Smoke from the West Coast wildfires has tainted grapes in some of the nation's most celebrated wine regions with an ashy flavor that could spell disaster for the 2020 vintage, per the AP. Wineries in California, Oregon, and Washington have survived severe wildfires before, but the smoke from this year's blazes has been especially bad—thick enough to obscure vineyards drooping with clusters of grapes almost ready for harvest and resulting in some of the worst air quality in the world. No one knows the extent of the smoke damage to the crop, and growers are trying to assess the severity. If tainted grapes are made into wine without steps to minimize the harm or weed out the damaged fruit, the result could be wine so bad that it cannot be marketed.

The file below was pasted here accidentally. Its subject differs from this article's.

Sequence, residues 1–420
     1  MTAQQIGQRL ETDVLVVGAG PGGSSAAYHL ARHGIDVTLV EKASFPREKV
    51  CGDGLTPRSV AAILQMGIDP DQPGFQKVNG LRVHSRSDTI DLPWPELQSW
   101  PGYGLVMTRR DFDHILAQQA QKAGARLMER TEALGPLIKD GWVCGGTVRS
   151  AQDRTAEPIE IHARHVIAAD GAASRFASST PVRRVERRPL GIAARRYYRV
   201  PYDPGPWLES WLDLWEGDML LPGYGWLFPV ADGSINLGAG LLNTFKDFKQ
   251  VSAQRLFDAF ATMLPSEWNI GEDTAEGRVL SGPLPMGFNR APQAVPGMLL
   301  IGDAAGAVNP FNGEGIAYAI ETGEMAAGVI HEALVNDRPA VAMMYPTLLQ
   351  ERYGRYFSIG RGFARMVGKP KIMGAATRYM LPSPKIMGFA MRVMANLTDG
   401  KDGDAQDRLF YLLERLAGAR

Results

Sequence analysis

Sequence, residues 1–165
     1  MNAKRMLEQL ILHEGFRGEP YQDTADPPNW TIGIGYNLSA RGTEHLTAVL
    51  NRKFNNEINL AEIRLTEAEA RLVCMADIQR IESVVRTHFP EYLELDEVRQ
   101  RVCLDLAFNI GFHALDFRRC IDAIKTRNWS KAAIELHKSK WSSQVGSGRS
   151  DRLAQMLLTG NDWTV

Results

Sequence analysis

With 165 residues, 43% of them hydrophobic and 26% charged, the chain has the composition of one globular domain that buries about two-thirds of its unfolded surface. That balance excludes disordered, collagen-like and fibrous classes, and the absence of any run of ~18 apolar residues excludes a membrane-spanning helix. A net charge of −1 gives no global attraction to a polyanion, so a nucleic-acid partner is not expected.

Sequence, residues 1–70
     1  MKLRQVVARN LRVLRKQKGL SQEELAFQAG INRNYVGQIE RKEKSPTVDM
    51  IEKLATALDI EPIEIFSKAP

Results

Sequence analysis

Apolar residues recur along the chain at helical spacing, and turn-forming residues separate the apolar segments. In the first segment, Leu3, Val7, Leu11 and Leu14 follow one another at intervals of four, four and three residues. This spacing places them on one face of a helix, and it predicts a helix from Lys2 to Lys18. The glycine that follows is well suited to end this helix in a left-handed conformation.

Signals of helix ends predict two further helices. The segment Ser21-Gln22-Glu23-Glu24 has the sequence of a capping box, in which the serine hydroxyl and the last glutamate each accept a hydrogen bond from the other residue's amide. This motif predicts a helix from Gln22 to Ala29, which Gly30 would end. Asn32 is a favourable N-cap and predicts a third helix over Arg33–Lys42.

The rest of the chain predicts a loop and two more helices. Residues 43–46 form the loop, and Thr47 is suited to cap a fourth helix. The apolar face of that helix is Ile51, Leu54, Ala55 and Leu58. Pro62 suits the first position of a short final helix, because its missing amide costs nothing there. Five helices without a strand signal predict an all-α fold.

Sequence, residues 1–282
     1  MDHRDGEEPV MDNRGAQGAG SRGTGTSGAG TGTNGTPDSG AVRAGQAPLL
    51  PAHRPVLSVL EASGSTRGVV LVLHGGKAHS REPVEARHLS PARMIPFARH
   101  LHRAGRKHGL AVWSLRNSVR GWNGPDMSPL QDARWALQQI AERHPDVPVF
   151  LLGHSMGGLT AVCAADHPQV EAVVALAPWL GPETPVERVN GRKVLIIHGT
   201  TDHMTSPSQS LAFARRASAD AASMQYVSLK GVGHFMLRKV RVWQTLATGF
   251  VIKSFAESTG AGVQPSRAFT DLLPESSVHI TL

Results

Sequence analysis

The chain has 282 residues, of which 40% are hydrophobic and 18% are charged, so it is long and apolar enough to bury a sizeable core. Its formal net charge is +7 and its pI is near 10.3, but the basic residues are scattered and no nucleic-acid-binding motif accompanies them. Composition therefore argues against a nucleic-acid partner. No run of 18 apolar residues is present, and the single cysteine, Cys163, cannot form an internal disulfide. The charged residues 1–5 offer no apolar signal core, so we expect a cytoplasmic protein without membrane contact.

The wildfires are likely to be "without question the single worst disaster the wine-grape growing community has ever faced," said John Aguirre, president of the California Association of Winegrape Growers. With this year's harvest underway, some wineries are not accepting grapes they had agreed to purchase unless they have been tested for smoke taint, Aguirre said. But laboratories are too backed up to analyze new orders in time. In every grape he has come across, Noah Dorrance, owner of Reeve Wines in Healdsburg, Calif., told the San Francisco Chronicle, "you could already taste and smell this ashy, barbecued flavor, kind of like a campfire." This has also been an issue in Australia.
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